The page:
plating, anodizing, & finishing Q&As since 1989
Black marks on gold plated items(nose pins)
March 1, 2010
I am Arun. We manufacture light weight (0.060g to 0.250g) gold nose pins of 9k to 22k.
Most of the items have to be fully finished (which includes gold plating) and delivered. The items though appear good initially, get black marks over the surface (it begins to show up after a week or so) which worsens with time. This problem is present only in the recent months. The local platers have no clue. They use gold cyanide bath with inert anode.
After their consultation these changes were made but in vain.
1. The composition of gold alloy was changed.
2. The surface finishing was made more even and shiny.
3. The thickness of gold plating was increased (as said by them!)
When we insisted on increasing the dipping time the articles started to turn dull & brownish.
One could compare this to rusting of iron over nickel coating.
I want to know the possible reasons for this problem.
Your valuable suggestions will be appreciated by many goldsmiths here.
employer - Trichy, Tamilnad, India
March 4, 2010
Black streaks can be caused by a few things. From what you say about the consultation with your plater, I think they are missing the mark with troubleshooting this problem. Increasing the gold dwell time and changing the alloy won't get rid of the black streaks. These are the preventative steps I recommend.
1) Make sure the nickel coating is thick enough. You will want to rule out migration of the base metal through the nickel and eventually through the gold.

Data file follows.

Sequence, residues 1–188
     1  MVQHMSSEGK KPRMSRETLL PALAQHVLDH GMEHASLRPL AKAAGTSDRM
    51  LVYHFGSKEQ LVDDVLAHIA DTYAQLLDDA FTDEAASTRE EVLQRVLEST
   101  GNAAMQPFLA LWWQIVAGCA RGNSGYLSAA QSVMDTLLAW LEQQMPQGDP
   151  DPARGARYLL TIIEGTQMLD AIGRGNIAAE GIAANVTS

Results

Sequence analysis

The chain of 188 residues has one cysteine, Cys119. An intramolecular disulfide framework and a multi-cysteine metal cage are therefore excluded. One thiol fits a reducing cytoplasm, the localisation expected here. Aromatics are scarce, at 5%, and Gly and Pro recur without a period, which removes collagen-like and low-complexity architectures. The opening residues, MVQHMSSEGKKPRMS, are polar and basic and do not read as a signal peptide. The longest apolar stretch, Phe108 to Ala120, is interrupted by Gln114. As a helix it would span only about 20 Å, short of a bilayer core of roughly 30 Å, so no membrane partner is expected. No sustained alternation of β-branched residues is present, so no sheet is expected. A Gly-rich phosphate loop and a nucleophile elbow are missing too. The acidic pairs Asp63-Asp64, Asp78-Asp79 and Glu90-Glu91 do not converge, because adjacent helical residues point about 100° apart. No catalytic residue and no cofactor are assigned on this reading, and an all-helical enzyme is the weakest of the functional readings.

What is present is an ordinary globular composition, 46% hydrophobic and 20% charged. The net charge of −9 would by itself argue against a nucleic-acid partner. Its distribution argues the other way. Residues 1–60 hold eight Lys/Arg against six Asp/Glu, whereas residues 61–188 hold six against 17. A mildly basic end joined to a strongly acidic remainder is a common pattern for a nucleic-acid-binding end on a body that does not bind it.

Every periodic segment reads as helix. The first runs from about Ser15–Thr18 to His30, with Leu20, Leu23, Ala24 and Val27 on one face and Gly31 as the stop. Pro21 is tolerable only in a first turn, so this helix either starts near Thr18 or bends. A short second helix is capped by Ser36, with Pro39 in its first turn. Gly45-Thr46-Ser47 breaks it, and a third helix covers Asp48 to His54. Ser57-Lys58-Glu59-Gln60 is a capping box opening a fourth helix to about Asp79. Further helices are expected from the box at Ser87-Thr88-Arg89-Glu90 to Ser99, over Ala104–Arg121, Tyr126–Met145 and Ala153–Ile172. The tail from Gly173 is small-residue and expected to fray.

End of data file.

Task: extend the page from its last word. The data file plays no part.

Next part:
2) Have them inspect the nickel plate before going into the gold. This problem could very well stem from hydrogen gassing. They may have to add a wetting agent, or increase it. If they see black streaks after nickel, it is most likely hydrogen gassing.
3) Make sure the nickel and gold bath is not contaminated with iron,lead or copper. If they have a decent lab, they can check for common metallic contaminants. If not, their nickel and gold bath supplier can do it for them.
4) Have the plater run a analysis on the gold bath to check for gold and cyanide concentrations.
5) Make sure the current density is not too high for nickel and gold.
6) Review cleaning and rinsing steps.
Because the gold coating is probably so thin (usually a flash coating in jewelry applications), imperfections in the nickel are visible after a short period of time. I would concentrate on suggestions # 2 and 4 to start with. Good Luck to you.
process engineer - Malone, New York
March 8, 2010
Maybe something has changed in your manufacturing process. You should expose some of your gold items that have not been plated to the same conditions as the plated ones and see if you still get those black marks.Neil Bell
Red Sky Plating
Albuquerque, New Mexico